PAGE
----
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Are mortgage rates likely to fall in 2024? Here's what Freddie Mac predicts.

Tips for buying a home
Tips for buying a home as mortgage rates climb 04:06

It's been a tough year so far for homebuyers, who are facing the double whammy of high housing prices and rising loan rates. Unfortunately, the remainder of 2024 may not offer much relief, at least according to economists at mortgage buyer Freddie Mac.

"[W]e expect mortgage rates to remain elevated through most of 2024," Freddie Mac said in a Thursday housing outlook report. "These high interest rates will prompt prospective buyers to readjust their housing expectations, but we anticipate housing demand to remain high due to favorable demographics, particularly in the starter home segment."

Rates on a 30-year fixed mortgage are hovering above 7%, close to their highest point in more than 20 years. With inflation remaining stubbornly high, the Federal Reserve is expected to delay cutting its benchmark rate, and Freddie Mac said it's predicting that the central bank will only make one cut in 2024 — with that occurring toward the end of the year.

The Federal Reserve has said it would rather keep rates high until inflation cools to about 2% on an annual basis, rather than risk cutting too early and fueling another round of price spikes. But as a result, borrowers have been whalloped with higher loan costs for everything from credit cards to mortgages.

It's not only mortgage rates that have made homebuying this spring a tough proposition for many Americans, particularly those in middle- or low-income brackets. Tight inventory and rising home prices are pushing some buyers out of the market, with the median U.S. home sale price hitting a record $383,725, according to Redfin.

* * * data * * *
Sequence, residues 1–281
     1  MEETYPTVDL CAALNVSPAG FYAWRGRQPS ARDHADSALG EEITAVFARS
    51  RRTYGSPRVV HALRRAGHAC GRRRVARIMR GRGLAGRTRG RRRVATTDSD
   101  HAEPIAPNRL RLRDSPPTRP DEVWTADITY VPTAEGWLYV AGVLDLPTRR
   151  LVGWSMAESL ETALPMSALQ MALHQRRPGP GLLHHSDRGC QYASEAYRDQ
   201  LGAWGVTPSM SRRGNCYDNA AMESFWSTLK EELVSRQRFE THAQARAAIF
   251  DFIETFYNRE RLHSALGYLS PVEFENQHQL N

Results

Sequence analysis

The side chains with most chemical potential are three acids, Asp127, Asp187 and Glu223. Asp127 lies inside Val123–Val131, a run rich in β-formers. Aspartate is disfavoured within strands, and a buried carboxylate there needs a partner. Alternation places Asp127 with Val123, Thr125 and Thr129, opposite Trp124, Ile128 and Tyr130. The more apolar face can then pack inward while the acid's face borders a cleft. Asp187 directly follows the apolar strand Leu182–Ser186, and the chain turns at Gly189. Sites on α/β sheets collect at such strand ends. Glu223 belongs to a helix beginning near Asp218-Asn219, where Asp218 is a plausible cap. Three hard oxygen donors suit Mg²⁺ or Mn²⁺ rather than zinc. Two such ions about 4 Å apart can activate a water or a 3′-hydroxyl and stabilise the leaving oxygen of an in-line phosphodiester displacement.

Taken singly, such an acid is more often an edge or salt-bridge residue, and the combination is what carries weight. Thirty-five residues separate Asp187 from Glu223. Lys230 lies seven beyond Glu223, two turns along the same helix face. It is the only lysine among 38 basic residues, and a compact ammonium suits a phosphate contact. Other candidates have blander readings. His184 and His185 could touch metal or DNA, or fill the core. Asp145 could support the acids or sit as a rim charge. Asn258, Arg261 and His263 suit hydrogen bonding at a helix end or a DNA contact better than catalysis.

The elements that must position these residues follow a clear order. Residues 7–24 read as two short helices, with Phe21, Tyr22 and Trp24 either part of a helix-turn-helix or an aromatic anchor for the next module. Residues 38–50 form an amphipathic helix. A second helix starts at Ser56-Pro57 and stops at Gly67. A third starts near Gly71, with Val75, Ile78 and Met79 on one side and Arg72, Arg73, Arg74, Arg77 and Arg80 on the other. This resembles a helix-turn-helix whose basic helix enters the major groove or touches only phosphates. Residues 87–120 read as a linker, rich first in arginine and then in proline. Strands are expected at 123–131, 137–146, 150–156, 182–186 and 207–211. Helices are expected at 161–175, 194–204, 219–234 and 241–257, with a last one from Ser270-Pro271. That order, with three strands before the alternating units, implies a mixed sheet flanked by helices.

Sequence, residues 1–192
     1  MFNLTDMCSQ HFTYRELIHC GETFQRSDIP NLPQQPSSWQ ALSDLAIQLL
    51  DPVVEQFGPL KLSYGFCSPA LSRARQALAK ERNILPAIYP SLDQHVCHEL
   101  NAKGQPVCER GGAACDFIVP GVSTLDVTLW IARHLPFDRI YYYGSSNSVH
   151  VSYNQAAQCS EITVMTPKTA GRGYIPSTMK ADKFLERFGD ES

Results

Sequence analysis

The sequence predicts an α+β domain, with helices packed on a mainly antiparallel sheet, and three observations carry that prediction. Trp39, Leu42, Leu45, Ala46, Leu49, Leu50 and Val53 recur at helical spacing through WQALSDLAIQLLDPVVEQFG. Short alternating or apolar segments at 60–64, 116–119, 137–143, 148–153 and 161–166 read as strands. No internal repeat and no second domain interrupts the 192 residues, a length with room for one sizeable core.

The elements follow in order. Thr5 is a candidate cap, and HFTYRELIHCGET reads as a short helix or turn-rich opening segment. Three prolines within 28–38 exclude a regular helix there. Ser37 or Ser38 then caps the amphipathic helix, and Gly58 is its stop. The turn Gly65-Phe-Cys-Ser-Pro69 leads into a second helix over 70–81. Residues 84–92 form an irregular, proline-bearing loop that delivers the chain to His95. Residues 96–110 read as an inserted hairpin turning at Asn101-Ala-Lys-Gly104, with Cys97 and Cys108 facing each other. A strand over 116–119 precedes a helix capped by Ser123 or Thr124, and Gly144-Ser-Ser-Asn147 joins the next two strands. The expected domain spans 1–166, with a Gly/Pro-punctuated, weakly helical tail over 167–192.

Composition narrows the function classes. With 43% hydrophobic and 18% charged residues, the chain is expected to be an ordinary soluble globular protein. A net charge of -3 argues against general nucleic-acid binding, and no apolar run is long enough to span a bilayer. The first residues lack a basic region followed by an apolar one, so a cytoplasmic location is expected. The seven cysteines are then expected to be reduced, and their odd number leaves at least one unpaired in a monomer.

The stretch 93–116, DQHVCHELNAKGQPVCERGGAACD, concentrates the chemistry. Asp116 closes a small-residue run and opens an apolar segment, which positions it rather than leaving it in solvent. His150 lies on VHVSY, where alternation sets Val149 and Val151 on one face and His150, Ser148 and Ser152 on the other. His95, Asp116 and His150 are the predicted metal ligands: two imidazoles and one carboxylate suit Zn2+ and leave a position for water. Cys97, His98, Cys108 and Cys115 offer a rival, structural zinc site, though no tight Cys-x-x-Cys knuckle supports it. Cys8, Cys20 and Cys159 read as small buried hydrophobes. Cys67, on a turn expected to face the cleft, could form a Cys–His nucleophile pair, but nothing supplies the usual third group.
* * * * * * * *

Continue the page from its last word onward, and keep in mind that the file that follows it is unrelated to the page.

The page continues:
The cost of homeownership has grown so steep that it now takes a six-figure income to afford the typical home in the U.S., according to Zillow. For the first time in roughly two years, home prices did not fall in any of the nation's largest metro areas in April, Redfin said in a separate report

Hidden costs of owning a home are rising 03:24

Higher mortgage rates have also had an impact on some current homeowners. Because many bought or refinanced their properties in the first years of the pandemic — when rates dropped below 3% — some are wary of selling their properties if it means taking on a new mortgage at today's rates.

Hesitant sellers combined with new construction failing to keep up with housing demand has created national shortage in both existing and new homes for sale, economists have said. 

"Overall, tight inventory and higher for longer (mortgage) rates are still key barriers to home sale volumes," Freddie Mac said. "Mortgage rates above 7% continue to price out many prospective homebuyers and sellers have less incentive to sell."

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